Recently proposed IRS regulations address the mandatory 60-day extension of certain tax deadlines under the Taxpayer Certainty and Disaster Tax Relief Act of 2019 (Division Q of Pub. L. No. 116-94). The proposal explains which actions are covered by the extension, how the 60-day period is calculated and what is considered a federally declared disaster triggering the extension. Comments on the proposal are due by March 15. A public hearing (by teleconference) is scheduled for March 23.
Internal Revenue Code (IRC) Section 7508A authorizes the Treasury Department to postpone for up to one year certain tax-related deadlines in response to a federally declared disaster. Once the president declares a disaster, Treasury announces which (if any) deadlines are postponed and the length of the postponement. IRC 7508(a)(1) and Rev. Proc. 2018-58 specify the actions for which Treasury can extend deadlines, including the following for retirement plan sponsors and administrators to:
The Taxpayer Certainty and Disaster Tax Relief Act of 2019 added a mandatory 60-day extension of certain deadlines. Under the new law, whenever Treasury issues relief under IRC Section 7508A for a federally declared disaster, the 60-day extension automatically applies to the deadlines for the following retirement-related actions:
The proposal clarifies that the 60-day extension also applies to the deadline for any other tax-related action in IRC Section 7508(a)(1) or Rev. Proc. 2018-58 that Treasury includes in its disaster relief announcement.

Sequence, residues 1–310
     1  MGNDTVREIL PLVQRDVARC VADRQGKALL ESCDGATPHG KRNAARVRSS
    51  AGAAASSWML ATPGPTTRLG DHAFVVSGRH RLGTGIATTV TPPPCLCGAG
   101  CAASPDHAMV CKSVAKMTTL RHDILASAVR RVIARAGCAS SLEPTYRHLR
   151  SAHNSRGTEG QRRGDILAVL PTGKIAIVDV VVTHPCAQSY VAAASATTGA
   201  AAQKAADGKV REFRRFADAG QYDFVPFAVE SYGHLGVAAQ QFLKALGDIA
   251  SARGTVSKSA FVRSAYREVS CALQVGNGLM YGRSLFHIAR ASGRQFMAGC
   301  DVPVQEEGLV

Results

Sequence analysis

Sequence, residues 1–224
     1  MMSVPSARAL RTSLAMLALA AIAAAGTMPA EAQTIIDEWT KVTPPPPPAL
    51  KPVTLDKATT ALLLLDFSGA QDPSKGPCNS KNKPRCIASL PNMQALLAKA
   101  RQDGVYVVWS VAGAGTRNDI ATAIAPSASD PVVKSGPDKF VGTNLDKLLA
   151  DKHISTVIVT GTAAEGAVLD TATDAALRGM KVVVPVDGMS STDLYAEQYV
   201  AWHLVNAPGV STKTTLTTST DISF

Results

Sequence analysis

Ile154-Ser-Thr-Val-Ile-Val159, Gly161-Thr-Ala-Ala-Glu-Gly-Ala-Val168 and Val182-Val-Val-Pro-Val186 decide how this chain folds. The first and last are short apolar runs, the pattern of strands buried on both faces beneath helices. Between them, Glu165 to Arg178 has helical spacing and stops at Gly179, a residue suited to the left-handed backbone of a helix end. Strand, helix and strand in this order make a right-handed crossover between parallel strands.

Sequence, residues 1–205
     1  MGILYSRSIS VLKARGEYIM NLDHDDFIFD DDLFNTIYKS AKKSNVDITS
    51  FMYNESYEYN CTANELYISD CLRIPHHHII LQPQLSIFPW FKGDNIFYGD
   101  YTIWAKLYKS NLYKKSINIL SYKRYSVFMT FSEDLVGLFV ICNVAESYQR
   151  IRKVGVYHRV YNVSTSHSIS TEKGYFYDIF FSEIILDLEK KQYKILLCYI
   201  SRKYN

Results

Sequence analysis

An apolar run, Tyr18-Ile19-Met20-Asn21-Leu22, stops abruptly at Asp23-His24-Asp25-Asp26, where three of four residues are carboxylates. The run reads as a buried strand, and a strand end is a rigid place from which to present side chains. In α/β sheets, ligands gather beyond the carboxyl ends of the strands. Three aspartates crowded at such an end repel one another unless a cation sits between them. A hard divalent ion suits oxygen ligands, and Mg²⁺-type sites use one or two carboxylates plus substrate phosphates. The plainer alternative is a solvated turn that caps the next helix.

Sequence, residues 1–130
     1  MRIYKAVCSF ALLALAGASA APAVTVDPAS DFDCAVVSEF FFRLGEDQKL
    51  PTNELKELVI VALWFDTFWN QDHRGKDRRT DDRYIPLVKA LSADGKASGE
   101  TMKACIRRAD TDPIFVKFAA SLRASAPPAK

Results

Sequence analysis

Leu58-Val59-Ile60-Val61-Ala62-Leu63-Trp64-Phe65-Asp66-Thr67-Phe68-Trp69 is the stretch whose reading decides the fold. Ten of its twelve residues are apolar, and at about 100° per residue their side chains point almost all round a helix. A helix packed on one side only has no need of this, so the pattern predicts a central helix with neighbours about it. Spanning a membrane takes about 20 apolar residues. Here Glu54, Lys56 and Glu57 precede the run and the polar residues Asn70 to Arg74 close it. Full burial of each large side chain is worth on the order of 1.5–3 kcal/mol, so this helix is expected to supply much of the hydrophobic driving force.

The 60-day extension serves as a minimum for actions covered by Treasury’s disaster announcements. Treasury can — and often does — grant a longer delay (up to one year). Under the proposal, the calculation of the 60-day extension depends on the start and end dates for the incident period identified in the disaster declaration. The mandatory extension begins at the start of the incident period, ends 60 days after the last day of the incident period and runs concurrently with the extension otherwise granted by Treasury.
Example. Hurricane Zeta made landfall in Alabama on Oct. 28, 2020. The president declared a major disaster for certain counties in the state, with an incident period from Oct. 28–29. The mandatory 60-day extension ran from Oct. 28 until Dec. 28, 2020 (i.e., 60 days after Oct. 29). However, Treasury granted a longer extension for covered acts until March 1, 2021.
If the declaration specifies an incident period with no end date, the extension is limited to the one-year maximum allowed under IRC Section 7508A. If the disaster declaration doesn’t specify an incident period, the 60-day mandatory extension doesn’t apply.
The proposal clarifies that a “federally declared disaster” means any disaster determined by the president under the Robert T. Stafford Disaster Relief and Emergency Assistance Act. This includes both major disasters and emergencies declared under sections 401 and 501 (respectively) of that act.
The proposed regulations would apply to disasters declared on or after Dec. 21, 2019.